One thing that isn't identified in a lot of evaluations of Griffey is his impact via baserunning and throwing. His speed is such that his "arm" ratings (i.e. ability to prevent baserunner advancement) is terrible, as is his ability to advance around the bases on hits. FWIW, MGL was forecasting Griffey as a below-replacement level player this past offseason based on those numbers and his miserable range. I'm not sure I agree (I had him at 15-25 runs above replacement if I remember right, depending on what fielding and arm stats you use), but it probably is something worth tracking more carefully in his case.



Also how about plugging in some variants with players available from the RH side when facing lefties -a look at how Dusty might construct alineup aginst lefties. Can the Markov model isolate performance vs. L-R? I really don't know, Jinaz. Can you answer that?


In terms of the model itself, it should be fairly "easy" to do left vs. right lineups with this model, as you'd just use different input data--projected left/right splits for each counting stat for each player.

Coming up with good input data could be tricky, though, as none of the major projection engines provide left/right splits. We could probably Marcel it and assume that all players of each handedness have the same left/right splits (which is usually pretty safe, especially for right-handers)...but that isn't really something that I can do right now time-wise.
-j

Mario-Rijo
04-13-2008, 06:47 PM
One thing that isn't identified in a lot of evaluations of Griffey is his impact via baserunning and throwing. His speed is such that his "arm" ratings (i.e. ability to prevent baserunner advancement) is terrible, as is his ability to advance around the bases on hits. FWIW, MGL was forecasting Griffey as a below-replacement level player this past offseason based on those numbers and his miserable range. I'm not sure I agree (I had him at 15-25 runs above replacement if I remember right, depending on what fielding and arm stats you use), but it probably is something worth tracking more carefully in his case.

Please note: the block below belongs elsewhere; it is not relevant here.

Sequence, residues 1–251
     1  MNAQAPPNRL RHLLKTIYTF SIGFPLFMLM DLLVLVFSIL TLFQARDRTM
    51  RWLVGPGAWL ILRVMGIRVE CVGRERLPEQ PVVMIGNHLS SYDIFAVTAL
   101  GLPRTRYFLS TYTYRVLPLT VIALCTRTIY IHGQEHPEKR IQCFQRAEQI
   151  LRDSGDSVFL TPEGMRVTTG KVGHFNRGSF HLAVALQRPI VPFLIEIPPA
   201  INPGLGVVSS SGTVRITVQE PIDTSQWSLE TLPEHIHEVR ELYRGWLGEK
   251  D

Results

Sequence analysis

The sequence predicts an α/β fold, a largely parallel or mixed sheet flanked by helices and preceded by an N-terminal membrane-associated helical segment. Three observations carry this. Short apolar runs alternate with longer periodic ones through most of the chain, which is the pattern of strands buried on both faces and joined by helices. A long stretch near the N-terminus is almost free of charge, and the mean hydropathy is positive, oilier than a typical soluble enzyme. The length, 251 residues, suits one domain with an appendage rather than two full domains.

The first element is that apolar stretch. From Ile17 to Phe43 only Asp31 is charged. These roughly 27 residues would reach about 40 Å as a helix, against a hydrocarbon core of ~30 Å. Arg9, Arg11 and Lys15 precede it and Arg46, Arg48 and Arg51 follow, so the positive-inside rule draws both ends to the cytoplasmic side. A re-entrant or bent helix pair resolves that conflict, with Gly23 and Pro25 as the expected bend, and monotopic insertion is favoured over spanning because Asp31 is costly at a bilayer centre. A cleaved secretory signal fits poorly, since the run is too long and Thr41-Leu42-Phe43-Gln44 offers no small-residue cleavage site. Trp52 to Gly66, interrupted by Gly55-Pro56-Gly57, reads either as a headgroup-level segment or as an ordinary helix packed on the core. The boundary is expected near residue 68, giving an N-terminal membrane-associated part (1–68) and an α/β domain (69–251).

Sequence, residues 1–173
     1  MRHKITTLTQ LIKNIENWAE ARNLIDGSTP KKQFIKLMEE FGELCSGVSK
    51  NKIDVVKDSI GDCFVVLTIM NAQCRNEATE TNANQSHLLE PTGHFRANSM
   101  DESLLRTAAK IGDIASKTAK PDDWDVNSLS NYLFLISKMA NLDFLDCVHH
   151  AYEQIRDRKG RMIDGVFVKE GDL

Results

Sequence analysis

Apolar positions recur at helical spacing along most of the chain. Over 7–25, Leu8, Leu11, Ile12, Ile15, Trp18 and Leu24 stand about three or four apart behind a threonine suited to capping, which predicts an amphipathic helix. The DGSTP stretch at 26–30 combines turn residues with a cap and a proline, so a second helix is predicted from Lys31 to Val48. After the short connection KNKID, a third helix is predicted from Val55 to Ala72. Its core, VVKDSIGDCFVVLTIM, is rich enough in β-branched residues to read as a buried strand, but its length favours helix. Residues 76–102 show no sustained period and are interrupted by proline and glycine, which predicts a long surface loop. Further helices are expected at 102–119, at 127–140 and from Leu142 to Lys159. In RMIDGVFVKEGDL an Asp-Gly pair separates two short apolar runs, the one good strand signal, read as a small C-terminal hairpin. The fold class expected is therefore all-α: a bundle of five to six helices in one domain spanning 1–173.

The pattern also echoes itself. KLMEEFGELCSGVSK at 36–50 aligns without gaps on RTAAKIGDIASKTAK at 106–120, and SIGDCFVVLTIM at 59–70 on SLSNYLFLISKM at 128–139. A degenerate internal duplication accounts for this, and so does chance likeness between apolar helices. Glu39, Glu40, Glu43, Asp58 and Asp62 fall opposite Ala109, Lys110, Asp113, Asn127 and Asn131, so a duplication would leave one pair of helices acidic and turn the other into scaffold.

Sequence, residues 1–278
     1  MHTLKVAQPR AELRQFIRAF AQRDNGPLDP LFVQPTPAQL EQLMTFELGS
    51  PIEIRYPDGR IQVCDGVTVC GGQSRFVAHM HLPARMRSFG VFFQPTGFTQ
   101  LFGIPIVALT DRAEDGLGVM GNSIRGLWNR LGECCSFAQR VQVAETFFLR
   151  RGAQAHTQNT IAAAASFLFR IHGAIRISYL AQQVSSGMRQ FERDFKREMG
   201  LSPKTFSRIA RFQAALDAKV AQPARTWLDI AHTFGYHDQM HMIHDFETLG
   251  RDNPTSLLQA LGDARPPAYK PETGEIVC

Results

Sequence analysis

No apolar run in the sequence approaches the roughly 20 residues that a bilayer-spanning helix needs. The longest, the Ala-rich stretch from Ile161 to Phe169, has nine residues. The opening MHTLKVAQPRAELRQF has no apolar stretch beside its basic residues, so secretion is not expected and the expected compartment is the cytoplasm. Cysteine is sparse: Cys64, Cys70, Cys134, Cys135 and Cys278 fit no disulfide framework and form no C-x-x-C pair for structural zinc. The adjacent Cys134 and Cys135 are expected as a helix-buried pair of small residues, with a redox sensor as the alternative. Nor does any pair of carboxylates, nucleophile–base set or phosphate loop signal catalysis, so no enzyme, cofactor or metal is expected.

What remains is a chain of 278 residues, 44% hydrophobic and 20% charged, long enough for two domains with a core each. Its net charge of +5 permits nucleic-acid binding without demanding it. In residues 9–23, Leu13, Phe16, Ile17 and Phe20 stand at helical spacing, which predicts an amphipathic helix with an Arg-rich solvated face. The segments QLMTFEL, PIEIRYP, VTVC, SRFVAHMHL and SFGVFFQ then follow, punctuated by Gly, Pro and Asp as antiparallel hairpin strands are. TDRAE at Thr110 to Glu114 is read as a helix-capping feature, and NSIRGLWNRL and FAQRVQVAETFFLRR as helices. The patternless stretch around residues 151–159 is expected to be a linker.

I also forecasted that, only just by the naked eye. I just could tell he was slipping in so many facets. It hasn't necc. come to fruition yet he has done ok to this point (and way better than at this point last year) but I suspect we will be screaming vehemently for Bruce to RF before the end of the season.

JinAZ
04-13-2008, 06:48 PM
Kepp
Hatteberg
Dunn
Phillips
Jr
Encarnacion
Patterson
Valentin


Markov says: 4.91 R/G, 796 Runs/season, +6.9 runs above Baker.
Innings each spot led off:


1 2 3 4 5 6 7 8 9
1.80 0.77 0.78 1.07 1.01 0.83 1.13 0.83 0.72

We have a new champion.. :)


(Using all MLB ava. players)

Hopper
Kepp
Dunn
Phillips
Jr
Encarnacion
Votto
Valentin